August 6 is the second anniversary of EngagingPeace.com and the 67th anniversary of the destruction of Hiroshima and much of its population by an atomic bomb.
Today’s post focuses on celebrating efforts to end the threat of nuclear weapons, as well as cluster bombs, landmines, and drones. It celebrates initiatives to achieve lasting peace through the only effective method: non-violence.
We begin another case study on moral engagement, focusing specifically on the Peace Abbey of Sherborn, MA (soon to be housed in the Healey Library at UMass/Boston). We have mentioned the Peace Abbey in several previous posts and begin today with their mission statement:
“The Peace Abbey is dedicated to creating innovative models for society that empower individuals on the paths of nonviolence, peacemaking, and cruelty-free living. We offer a variety of programs and resources that teach, inspire and encourage one to speak out and act on issues of peace and social justice. Faith in action is the cornerstone of our fellowship and activist pacifism is our creed. The Peace Abbey serves as a model for religious organizations, communities, and individuals seeking non-violent, pacifist pathways to peace and social justice.”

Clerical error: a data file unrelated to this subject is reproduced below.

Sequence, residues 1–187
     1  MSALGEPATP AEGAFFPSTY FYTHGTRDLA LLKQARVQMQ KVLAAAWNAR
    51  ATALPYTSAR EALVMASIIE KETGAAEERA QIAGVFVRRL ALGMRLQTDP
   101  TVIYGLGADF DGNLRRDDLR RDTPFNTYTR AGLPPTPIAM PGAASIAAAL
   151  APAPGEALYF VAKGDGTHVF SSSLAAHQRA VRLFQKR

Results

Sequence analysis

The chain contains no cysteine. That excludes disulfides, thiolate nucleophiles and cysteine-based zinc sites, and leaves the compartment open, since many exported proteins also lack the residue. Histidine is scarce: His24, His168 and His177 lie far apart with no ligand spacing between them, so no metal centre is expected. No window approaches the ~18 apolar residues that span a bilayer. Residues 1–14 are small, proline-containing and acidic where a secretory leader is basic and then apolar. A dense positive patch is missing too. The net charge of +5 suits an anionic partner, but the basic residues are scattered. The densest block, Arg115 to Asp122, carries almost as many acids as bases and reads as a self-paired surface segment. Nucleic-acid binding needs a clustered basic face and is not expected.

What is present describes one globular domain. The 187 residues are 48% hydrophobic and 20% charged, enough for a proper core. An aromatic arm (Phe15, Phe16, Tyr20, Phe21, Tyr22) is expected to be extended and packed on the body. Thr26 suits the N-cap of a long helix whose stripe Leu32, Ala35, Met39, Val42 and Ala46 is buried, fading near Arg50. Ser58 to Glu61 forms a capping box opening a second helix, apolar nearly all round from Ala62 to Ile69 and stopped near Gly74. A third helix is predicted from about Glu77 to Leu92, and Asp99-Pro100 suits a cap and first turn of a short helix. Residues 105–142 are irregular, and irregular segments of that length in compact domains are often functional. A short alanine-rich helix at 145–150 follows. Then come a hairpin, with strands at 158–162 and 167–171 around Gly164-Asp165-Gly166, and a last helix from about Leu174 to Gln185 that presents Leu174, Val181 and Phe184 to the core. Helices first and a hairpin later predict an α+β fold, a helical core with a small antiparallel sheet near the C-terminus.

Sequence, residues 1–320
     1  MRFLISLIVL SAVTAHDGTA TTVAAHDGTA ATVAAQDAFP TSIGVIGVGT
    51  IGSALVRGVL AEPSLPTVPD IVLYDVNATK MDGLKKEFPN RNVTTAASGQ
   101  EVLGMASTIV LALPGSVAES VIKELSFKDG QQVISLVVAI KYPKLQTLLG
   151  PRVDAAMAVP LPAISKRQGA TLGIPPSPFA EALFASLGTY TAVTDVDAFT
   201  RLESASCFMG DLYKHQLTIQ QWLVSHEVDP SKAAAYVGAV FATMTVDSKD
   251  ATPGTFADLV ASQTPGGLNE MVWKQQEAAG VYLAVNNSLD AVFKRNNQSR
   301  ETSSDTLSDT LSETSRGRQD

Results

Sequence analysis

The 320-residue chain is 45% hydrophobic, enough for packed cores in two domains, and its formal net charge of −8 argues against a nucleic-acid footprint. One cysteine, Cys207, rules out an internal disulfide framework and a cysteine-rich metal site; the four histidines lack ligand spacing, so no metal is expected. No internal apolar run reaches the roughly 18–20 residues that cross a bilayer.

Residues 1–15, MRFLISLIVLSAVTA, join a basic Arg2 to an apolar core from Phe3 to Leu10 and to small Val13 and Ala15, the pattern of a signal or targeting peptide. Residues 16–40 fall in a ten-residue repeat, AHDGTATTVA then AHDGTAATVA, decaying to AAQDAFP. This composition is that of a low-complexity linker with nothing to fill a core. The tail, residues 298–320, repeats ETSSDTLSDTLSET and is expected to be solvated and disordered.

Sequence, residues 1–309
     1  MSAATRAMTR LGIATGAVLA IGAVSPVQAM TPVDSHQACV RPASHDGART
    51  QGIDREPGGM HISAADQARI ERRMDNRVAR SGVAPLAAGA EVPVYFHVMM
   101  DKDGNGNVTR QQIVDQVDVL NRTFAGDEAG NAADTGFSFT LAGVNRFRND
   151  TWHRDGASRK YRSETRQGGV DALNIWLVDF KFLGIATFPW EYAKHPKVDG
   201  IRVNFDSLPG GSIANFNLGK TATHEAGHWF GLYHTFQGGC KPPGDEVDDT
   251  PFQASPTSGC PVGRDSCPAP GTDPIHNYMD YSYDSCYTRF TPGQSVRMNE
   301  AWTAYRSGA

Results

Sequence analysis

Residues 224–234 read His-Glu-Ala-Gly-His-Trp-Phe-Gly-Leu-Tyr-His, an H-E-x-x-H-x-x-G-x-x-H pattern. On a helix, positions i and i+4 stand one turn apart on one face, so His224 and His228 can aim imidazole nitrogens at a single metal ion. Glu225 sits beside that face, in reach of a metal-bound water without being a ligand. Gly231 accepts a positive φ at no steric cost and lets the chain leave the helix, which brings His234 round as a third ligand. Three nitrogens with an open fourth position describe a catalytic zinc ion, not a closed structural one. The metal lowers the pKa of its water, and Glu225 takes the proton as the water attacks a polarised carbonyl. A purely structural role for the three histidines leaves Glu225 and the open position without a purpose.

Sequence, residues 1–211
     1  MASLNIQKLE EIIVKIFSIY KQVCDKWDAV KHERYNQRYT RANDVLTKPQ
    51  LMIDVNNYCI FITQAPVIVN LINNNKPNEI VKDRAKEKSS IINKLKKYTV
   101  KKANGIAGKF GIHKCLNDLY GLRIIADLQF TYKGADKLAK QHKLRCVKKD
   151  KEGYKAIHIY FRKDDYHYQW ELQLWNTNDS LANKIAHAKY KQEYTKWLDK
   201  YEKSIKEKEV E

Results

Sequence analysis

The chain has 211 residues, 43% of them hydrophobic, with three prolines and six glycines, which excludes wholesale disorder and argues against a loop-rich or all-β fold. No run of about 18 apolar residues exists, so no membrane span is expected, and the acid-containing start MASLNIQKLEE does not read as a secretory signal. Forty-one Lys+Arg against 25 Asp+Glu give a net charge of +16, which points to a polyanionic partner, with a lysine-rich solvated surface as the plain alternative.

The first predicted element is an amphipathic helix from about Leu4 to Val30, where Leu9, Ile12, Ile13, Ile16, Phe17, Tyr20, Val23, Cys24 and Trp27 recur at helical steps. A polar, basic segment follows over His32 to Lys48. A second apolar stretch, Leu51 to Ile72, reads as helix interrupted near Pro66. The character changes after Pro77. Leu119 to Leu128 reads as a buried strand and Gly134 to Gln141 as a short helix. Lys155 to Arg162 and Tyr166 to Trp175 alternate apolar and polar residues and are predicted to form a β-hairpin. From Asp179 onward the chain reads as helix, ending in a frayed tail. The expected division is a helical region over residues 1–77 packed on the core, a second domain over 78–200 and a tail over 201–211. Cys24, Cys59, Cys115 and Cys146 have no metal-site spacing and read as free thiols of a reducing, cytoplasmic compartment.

Many renowned peace advocates, including Mother Teresa, Howard Zinn, Maya Angelou, David Dellinger, Muhammad Ali, Daniel Berrigan, Barry Crimmins, and Thich Nhat Hanh, visited the Peace Abbey facilities in Sherborn.
Looking back on Hiroshima Day in 1945, writes Noam Chomsky, the world learned that “humans, in their dedicated quest to extend their capacities for destruction, had finally found a way to approach the ultimate limit.” Chomsky also reminds us of the many occasions since 1945 that the world has been on the brink of nuclear war and the annihilation of much of the human race and other life forms.
Today let us be grateful for organizations such as the Peace Abbey that are working to replace the threat of war with the possibility of peace.
Kathie Malley-Morrison, Professor of Psychology